She stifled a mirthless chuckle. She was basically a beggar now. She needed to stop being so choosy and take what was available.

Take what was available?

Could she really steal from a charity? If someone was actually working, she wouldn’t be in the position to consider it. As it was, she was one of the misfortunate needy, and she was entitled to the coat. Probably.

She left the coat on and headed toward the door. If she ever was flush again, she’d make a donation.

Fighting the guilt, she turned her head away from the cash register. A rack of shoes caught her eye. Stepping toward it, her hand reached out to touch a pair of Jimmy Choo’s. Those had been hers, and she had loved them. But they were impractical for people in her condition. She needed something more utilitarian.

Her gaze drifted to a pair of work boots. She didn’t know if they were a man’s or a woman’s. She slipped them on. They were small for a man’s foot, but they definitely looked like a man’s style. She didn’t care. They were steel-toed, fleece-lined, and would keep her warm.

“God, I wish this wasn’t my life.”

A cold chill blew past her, then the room was still.

She glanced at the Jimmy Choo’s one last time, snatched them and bolted out the door with her contraband. She could still hear the bell tinkling when she started her car and drove away.

The plan was to head to the library and use the computer to search for job openings, but she found herself driving to the river. She stopped at the bridge and scrambled down the hill. Metal barrels, rusted from exposure and scorched from years of holding fires, dotted the ground. She thanked the Lord that no one was currently there. She was confused and out of control, and it didn’t seem she had a choice about when to stay and when to flee.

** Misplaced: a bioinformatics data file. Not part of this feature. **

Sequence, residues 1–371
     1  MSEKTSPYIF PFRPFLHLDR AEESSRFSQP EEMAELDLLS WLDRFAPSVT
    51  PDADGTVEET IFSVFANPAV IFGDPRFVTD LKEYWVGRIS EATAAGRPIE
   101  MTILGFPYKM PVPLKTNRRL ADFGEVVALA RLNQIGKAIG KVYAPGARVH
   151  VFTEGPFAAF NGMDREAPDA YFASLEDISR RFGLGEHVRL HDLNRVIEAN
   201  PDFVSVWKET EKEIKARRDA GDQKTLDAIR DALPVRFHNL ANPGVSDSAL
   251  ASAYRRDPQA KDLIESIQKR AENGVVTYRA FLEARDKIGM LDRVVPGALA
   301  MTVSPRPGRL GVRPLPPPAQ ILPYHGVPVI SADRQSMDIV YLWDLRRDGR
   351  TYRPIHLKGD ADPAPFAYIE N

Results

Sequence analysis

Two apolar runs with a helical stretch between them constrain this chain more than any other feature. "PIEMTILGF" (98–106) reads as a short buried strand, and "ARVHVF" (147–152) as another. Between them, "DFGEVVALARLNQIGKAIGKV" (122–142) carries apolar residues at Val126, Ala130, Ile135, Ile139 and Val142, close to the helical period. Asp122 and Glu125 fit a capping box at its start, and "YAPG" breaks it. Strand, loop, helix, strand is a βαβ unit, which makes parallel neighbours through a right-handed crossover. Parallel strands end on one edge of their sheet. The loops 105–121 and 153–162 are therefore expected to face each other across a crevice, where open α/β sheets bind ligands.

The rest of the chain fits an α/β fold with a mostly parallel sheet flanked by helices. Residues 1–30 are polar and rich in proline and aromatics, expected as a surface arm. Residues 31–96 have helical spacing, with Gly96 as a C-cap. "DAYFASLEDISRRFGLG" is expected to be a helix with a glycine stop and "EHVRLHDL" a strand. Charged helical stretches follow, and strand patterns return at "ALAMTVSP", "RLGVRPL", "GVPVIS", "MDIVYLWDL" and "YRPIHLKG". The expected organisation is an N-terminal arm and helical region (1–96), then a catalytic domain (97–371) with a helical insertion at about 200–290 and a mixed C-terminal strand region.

Her feet kept moving, taking her straight to one of the barrels. She held her hands over it as though warming them over a fire. She felt ridiculous, as there wasn’t currently a fire burning, but she couldn’t stop herself. Suddenly she whipped around as though her body was reacting to a threat. She reached into her pocket and whipped out her empty hand, clenching her fist the way a person would grip a knife handle. She began shadow-stabbing a non-existent foe.

Slash right.


Swipe left.


Spin away.